The family of a former railroad worker from Illinois was awarded $1.4 million in an asbestos-related lawsuit brought on his behalf.
The man had reportedly worked in the rail yards for a company called GM&O Railroad (Gulf, Mobile & Ohio), whose primary routes extended from Mobile, Alabama and New Orleans, Louisiana to Kansas City, St. Louis and Chicago. This man’s work at the company extended from 1957 through 1972, where he worked in both Illinois and Kentucky.
Jurors determined that the railroad company had knowledge of the asbestos hazards putting workers at risk, yet they failed to warn employees. This worker died in 2009 of mesothelioma.
Our Boston mesothelioma attorneys know that former railroad workers are at high risk for developing mesothelioma today.
Asbestos was present in many of the train and locomotive components that were widely used between the 1930s and the 1970s. Even beyond that point, after the U.S. Occupational Safety & Health Administration ordered limitations on use of asbestos in construction materials, railroads continued to use it, in some instances quite extensively.
There is ample evidence in these cases that the railroad companies knew about the health risks to which it was exposing workers and did not bother to inform them or take steps to protect them from those risks. In fact, exposure to asbestos is still an ongoing concern for railroad workers whose companies are using parts that were made prior to the 1980s.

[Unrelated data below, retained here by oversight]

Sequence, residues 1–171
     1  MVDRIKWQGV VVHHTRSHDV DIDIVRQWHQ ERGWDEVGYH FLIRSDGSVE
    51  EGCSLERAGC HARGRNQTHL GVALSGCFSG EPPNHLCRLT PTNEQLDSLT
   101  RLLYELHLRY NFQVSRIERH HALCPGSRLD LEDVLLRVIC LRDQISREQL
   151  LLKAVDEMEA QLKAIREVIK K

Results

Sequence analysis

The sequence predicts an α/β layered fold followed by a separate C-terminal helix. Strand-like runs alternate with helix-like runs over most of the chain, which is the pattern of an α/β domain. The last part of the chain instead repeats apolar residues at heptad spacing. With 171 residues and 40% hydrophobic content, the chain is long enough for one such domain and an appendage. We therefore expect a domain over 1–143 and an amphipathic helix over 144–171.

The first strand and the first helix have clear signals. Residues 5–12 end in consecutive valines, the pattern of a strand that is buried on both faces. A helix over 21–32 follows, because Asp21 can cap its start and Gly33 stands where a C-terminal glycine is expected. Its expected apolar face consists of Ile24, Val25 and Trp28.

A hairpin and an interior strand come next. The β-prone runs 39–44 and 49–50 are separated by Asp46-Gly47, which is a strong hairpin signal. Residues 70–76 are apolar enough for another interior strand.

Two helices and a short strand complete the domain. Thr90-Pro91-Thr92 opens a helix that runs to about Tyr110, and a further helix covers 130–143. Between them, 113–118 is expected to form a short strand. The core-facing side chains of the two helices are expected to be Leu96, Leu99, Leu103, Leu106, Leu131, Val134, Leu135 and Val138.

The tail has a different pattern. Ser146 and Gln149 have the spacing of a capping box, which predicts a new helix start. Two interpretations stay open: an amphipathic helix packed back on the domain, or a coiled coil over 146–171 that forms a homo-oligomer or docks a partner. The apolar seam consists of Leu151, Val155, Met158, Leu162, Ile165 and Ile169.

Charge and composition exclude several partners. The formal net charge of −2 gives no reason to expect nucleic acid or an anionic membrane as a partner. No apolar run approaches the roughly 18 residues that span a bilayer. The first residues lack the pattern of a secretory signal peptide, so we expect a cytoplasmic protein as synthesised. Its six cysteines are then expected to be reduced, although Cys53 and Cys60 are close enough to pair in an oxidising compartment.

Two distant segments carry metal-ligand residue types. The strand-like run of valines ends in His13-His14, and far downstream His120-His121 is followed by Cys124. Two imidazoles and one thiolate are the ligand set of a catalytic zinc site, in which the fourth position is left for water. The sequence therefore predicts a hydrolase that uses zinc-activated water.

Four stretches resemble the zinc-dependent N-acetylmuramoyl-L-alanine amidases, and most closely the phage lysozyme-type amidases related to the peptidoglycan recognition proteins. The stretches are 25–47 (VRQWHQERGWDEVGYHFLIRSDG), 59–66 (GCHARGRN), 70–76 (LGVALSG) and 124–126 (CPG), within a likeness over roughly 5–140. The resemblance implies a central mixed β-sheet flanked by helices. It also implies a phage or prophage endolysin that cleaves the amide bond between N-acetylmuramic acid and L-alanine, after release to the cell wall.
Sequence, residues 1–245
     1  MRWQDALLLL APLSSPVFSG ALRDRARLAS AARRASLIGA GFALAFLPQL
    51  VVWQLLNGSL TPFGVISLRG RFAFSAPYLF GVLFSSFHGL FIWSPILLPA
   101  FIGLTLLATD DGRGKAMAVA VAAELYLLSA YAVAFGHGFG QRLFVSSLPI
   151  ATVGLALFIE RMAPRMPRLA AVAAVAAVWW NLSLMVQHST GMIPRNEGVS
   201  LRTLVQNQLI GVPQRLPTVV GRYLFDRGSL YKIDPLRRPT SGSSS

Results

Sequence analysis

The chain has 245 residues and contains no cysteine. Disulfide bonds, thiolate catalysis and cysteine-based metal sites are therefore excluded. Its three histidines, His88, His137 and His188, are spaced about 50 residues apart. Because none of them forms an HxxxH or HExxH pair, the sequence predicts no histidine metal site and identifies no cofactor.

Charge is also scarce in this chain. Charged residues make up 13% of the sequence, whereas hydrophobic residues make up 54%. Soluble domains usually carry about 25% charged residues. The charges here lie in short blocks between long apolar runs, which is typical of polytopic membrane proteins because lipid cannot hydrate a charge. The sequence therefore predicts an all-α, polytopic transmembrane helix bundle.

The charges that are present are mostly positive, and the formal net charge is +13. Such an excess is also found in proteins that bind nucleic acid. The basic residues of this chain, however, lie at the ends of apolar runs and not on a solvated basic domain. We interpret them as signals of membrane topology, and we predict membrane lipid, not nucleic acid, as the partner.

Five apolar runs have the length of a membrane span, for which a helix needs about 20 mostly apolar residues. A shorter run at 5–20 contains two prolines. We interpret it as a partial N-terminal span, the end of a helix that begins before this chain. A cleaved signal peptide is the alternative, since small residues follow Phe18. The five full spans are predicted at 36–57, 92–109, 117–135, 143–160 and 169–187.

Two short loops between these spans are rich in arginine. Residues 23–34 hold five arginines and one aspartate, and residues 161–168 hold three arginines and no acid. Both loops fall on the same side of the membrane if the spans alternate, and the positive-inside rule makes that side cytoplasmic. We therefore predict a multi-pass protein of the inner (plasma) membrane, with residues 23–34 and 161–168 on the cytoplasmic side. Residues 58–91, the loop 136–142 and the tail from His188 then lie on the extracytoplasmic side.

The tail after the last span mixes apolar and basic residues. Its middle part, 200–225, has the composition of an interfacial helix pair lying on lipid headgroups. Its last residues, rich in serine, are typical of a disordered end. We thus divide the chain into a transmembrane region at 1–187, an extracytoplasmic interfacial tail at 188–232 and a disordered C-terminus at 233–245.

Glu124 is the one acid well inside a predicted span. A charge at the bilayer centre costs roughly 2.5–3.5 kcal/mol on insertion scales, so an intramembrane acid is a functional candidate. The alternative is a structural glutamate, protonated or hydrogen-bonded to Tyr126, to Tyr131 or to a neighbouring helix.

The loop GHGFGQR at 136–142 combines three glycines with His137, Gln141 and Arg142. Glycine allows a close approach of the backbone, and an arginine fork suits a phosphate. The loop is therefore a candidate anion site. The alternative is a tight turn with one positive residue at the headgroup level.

We tend to think of railroads as being somewhat antiquated. And its true that long-distance passenger travel has largely shifted to automobiles and airplanes. However, railroads still account for about a third of all U.S. exports and railroad firms continue to employ upwards of 1 million people across the country.
Here in Boston, we have the Massachusetts Bay Transportation Authority, the Massachusetts Bay Commuter Railroad Company, Amtrack and CSX.
Some of the most common railroad products known to sometimes contain asbestos are:
- Insulation. This was often used on steam and diesel locomotives to insulate materials such as boilers, the metal underbelly of the train, the outside of the engine, the caboose ceilings, the pipe coverings, inside the boxcars, the driving cabins and carriages and the electrical panels.
- Locomotive parts. These would primarily be brake linings, brake pads, clutches and the floor and ceiling tiles of passenger cars.
- Miscellaneous equipment. This would include things like plaster, wallboards, gaskets and sealing cement.
Because of the pervasiveness of asbestos on trains, even those rail industry workers who weren’t routinely involved in repairs have a good chance of having been exposed.
One study found that instances of mesothelioma and other kinds of lung cancer were three times more likely among railroad workers who were “operating,” such as brakemen, switchmen, conductors, engineers and roundhouse personnel, as opposed to non-operating workers.
Railroad workers may sue their current or former employers for injuries sustained on the job through the Federal Employers Liability Act, or FELA. In order to be successful in a FELA case, the worker has to show that the employer’s negligence contributed to the injury. Such a case may be brought in either federal or state court.
If you or a loved one is diagnosed with mesothelioma in New England, call for a free and confidential appointment at 1-888-367-2900.
Family to get $1.4 million in asbestos lawsuit, June 26, 2013, Pantagraph.com
More Blog Entries:
Asbestos Supplier Liability Case to be Heard by State Supreme Court, June 29, 2013, Boston Mesothelioma Lawyer Blog